3. Don’t let your wealth insulate you from compassion.
We who live among the well-off are frequently isolated from those whose lives are always tottering in financial frailty and relational insecurity.
We are not frequently friends with people for whom a busted transmission is a life-altering catastrophe that potentially endangers their job status, housing, and ability to pay bills. Our isolation yields an obstructed line of sight that smothers would-be compassion.
Identifying with the distress of others drives compassion—and compassion drives generosity. Without compassion, generosity has the long athletic legs of its love amputated and is crippled. Let our prayerful aspirations of more cross-pollinating friendships bring us closer to folks in different tax brackets, situations, and communities than our own.
There is nothing like proximity for breeding empathetic understanding and heart-moving acts of tender regard. I pastor many affluent people but also minister to people whose life is a continuous financial emergency with no net to keep them from disastrously plummeting further.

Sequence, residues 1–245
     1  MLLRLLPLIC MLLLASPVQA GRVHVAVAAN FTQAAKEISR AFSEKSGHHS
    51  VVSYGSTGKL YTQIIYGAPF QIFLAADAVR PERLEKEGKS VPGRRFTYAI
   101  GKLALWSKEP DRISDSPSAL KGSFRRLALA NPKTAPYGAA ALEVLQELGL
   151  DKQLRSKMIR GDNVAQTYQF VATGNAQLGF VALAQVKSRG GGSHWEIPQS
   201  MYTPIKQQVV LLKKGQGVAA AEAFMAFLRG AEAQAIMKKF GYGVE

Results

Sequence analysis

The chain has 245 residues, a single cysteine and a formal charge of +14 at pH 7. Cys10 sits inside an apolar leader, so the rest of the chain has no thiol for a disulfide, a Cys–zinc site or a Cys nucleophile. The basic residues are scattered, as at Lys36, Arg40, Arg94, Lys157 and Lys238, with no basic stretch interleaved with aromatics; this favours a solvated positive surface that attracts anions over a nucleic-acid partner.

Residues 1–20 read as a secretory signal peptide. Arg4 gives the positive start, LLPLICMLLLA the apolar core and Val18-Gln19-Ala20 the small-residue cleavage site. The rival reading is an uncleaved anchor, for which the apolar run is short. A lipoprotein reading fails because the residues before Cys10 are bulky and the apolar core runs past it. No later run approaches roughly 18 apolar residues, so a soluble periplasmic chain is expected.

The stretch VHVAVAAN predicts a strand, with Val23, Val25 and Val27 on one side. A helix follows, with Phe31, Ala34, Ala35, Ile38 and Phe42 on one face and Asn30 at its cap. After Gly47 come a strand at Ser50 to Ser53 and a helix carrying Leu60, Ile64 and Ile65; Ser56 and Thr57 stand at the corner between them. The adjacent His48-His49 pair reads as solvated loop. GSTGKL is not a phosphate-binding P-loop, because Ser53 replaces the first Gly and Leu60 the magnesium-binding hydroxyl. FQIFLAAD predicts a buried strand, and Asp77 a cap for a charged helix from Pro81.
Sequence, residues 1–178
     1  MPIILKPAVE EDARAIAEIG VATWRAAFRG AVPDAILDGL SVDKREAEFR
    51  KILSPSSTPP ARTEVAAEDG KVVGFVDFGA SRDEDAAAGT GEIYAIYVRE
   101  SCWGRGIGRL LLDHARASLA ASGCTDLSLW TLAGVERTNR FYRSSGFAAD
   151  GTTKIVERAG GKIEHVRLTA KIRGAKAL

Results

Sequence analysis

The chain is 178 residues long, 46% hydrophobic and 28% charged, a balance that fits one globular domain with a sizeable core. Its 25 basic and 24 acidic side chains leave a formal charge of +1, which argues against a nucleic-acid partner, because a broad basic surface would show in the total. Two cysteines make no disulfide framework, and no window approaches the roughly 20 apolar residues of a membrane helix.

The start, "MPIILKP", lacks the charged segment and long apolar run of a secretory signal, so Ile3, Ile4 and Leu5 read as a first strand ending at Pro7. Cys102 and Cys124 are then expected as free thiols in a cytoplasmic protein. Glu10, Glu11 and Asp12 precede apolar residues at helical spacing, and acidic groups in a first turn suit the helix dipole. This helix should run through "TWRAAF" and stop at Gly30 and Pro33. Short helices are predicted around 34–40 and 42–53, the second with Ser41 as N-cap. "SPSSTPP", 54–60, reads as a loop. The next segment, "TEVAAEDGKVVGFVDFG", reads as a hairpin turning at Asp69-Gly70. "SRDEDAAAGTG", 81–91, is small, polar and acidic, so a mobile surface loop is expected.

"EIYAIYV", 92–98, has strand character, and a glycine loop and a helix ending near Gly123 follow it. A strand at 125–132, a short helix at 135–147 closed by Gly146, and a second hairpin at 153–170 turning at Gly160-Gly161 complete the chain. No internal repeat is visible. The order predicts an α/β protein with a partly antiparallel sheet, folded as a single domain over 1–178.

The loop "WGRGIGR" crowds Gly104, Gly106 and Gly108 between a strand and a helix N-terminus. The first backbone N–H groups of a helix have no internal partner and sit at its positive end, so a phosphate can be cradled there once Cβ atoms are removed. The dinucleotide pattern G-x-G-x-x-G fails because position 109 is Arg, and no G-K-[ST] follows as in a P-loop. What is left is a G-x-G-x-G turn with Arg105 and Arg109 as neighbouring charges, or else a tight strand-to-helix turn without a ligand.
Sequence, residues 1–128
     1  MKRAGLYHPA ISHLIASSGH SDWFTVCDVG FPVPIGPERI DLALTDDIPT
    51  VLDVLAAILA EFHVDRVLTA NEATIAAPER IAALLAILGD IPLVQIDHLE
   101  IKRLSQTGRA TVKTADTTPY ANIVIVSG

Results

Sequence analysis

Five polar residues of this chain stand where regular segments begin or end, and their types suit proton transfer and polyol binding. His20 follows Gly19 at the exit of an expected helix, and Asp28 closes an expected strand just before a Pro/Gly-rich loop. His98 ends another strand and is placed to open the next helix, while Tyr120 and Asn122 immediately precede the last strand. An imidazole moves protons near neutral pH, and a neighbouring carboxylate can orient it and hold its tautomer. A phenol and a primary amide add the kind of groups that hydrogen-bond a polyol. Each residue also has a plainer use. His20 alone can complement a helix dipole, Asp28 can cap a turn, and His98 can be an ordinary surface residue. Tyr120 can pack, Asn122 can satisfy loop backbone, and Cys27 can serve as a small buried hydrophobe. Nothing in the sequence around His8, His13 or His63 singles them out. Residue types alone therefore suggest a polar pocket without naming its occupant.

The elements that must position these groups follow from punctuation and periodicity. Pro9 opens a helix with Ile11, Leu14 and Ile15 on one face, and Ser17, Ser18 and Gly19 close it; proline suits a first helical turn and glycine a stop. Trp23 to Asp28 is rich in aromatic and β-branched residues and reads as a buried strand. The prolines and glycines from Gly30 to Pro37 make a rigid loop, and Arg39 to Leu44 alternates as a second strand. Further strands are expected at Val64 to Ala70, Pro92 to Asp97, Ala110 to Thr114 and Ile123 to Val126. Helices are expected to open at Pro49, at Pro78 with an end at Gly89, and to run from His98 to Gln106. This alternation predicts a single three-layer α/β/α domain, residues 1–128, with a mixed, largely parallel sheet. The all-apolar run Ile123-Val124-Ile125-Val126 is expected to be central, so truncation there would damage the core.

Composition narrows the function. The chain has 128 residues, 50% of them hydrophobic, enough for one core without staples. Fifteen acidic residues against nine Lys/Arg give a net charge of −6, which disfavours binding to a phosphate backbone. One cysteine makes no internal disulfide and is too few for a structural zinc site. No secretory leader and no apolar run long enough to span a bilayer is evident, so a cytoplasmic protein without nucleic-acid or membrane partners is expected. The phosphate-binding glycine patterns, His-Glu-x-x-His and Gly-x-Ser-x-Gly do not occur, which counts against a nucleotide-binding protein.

If God has entrusted you with an abundance of financial resources, don’t forget you are the exception and not the norm. Rub shoulders with people who depend on their hourly wage to put shelter over their head and food in their kid’s stomach. It will inform and inspire our generosity.
4. Don’t forget your means are a calling, too.
I do of course know many folks who make it their business to share their resources. I’ve witnessed it often. I know many high net worth individuals who give well beyond 10% of their income without parading it down the street for all to see. They are humble in their generosity. They are as intentional in their stewardship as many are in their diet and exercise.